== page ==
By Stephen Downes
April 13, 2005

NCQ Talk
I never link to content from Learning Times because of their login requirement - not simply because readers get enough spam, but also because I have long since forgotten my userid and password (who can keep track of hundreds of accounts?). So it's a bit of a surprise (and possibly temporary) to find this content available on the free and open non-spam internet: NCQ stands for 'Nerd - Canadian - Quaker' and consists of a set of biweekly podcasts along with some supporting documentation. I haven't listened to the podcasts (and am thinking about agitating more forcefully for podcast transcripts, especially when creators get carried away) but the documentation is worthwhile. By (Canadian) Dan Balzer, (Nerd) Kris Smith and (Quaker) Susan Manning, NCQ Talk, April 4, 2005 [Refer][Research][Reflect]

Collaboration and Content Creation
James Richardson briefly describes the content of a briefing from Microsoft on their Learning Gateway Framework. He notes, "It's SIF compliant which means it could plug right into our Student Information System and deliver some pretty interesting tools to teachers and students." Microsoft has a large learning program, but they haven't been very good at getting the information out (from my perspective; your CEO's experience may vary). If anyone knows of a blog or RSS covering this area of e-learning, please let me know; I'd like to make sure it's part of regular OLDaily coverage. By James Richardson, Weblogg-Ed, April 13, 2005 [Refer][Research][Reflect]

Mainstream Media Meltdown
Many people have scoffed about predictions that the internet would mean the end of traditional media. Even as journalism has been given a rough ride by a horde of fact-checking bloggers pundits have continued to hold that the media themselves are not in jeopardy. Well, the end is coming, and it's not just creeping forward, it is steamrolling. Music sales down 21 percent. Television audiences down a third. Radio listenership at a 27-year low. Via James Richardson. By Chris Anderson, The Long Tail, April 10, 2005 [Refer][Research][Reflect]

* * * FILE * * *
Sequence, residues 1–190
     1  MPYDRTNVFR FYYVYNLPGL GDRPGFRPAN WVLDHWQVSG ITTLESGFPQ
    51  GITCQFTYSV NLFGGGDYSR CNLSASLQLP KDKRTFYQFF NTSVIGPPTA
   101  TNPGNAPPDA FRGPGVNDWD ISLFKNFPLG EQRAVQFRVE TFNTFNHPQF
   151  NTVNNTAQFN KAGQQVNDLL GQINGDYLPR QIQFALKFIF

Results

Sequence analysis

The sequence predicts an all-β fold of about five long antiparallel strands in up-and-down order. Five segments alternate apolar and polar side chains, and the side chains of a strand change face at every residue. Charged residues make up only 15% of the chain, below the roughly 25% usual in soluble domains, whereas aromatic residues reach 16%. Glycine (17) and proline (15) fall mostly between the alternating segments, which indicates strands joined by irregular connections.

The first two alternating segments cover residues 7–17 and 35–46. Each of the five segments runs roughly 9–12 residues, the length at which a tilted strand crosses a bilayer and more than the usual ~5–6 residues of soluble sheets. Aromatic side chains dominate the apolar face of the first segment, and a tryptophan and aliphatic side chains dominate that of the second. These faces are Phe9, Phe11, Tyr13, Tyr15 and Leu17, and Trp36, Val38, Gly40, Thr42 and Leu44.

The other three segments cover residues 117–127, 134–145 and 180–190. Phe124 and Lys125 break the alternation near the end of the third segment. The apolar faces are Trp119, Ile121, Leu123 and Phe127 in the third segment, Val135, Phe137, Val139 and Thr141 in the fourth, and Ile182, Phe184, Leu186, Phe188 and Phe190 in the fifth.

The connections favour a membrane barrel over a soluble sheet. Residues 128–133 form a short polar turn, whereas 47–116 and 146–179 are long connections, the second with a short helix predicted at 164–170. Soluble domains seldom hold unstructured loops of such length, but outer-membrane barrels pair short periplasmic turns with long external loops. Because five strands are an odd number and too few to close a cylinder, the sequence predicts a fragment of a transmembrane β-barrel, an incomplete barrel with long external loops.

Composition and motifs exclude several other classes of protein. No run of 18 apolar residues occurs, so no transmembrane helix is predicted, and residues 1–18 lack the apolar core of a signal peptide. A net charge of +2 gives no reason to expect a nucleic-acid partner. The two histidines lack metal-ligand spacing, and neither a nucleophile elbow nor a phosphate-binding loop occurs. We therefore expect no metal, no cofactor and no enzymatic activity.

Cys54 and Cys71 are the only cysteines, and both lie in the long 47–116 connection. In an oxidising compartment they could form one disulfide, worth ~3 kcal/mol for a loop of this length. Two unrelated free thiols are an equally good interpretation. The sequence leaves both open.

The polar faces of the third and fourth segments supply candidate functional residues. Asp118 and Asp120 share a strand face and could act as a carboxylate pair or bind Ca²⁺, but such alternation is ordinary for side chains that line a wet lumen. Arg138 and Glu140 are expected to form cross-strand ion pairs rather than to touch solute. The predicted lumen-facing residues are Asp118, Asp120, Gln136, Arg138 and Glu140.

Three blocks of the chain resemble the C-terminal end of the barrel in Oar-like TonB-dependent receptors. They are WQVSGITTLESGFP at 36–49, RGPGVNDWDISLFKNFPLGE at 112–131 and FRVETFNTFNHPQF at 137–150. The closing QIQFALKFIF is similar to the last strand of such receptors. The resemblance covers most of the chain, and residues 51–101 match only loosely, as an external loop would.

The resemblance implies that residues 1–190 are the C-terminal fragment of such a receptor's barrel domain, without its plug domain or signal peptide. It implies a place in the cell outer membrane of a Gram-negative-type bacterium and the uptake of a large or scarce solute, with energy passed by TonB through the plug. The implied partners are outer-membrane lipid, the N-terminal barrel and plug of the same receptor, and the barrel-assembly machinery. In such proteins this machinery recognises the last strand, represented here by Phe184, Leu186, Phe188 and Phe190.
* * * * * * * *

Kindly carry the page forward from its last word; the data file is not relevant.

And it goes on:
Creative Archive Licence Group
Seb Schmoller sends along this link to a new licensing scheme launched in Britain. Pretty clearly modeled on Creative Commons (though you won't find that on the site anywhere, or at least, I couldn't find it), the license offers rights to content created by the BBC, Open University, and other British public institutions. One thing I'm not thrilled about is the addition of a 'UK-only' provision to some licenses. And the 'no endorsement' condition is just odd: "not for campaigning, soapboxing or to defame others! So don't use it to promote political, charitable, or other campaigning purposes..." What, may I ask, constitutes 'soapboxing'? Would OLDaily qualify? By Various Authors, April 13, 2005 [Refer][Research][Reflect]

The Carrick Institute
The Carrick Institute launches its new website. The institute's mission is to "promote and advance learning and teaching in Australian higher education," which it accomplishes via the usual means of supporting research and disseminating information. Via James Farmer. Brochureware. By Various Authors, April, 2005 [Refer][Research][Reflect]

Golden Swamp
Judy Breck, who wrote the Small World Network Primer I listed yesterday, writes today to let me know that she relaunched her blog, Golden Swamp, about a week ago (the archive lists posts from April, 2004). On the left, you can read 'Sample the Gold', which posts open content webpages for learning. On the right is her coverage of learning and networks. She signs her email with this bit of wisdom from John Adams: "As long as knowledge and virtue are diffused generally among the body of a nation, it is impossible they should be enslaved." By Judy Breck, Golden Swamp, April 13, 2005 [Refer][Research][Reflect]

Digital WPA Website
It's not for me, but the new Council of Writing Program Administrators website went live yesterday. "The Council of Writing Program Administrators is a national association of college and university faculty with professional responsibilities for (or interests in) directing writing programs." By Charlie Lowe and Dave Blakesley, April 12, 2005 [Refer][Research][Reflect]

Podcasting and Vodcasting
A definitive white paper, this essay begins with definitions of podcasting and vodcasting, explains how it works, outlines the skill sets required, and lists a number of potential applications. There's enough information in here to enable most people to learn how to podcast, and yet the writing is clear enough to allow non-technical people to follow the description. Good list of links and resources. By Peter Meng, University of Missouri, March 2005 [Refer][Research][Reflect]

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Copyright 2005 Stephen Downes
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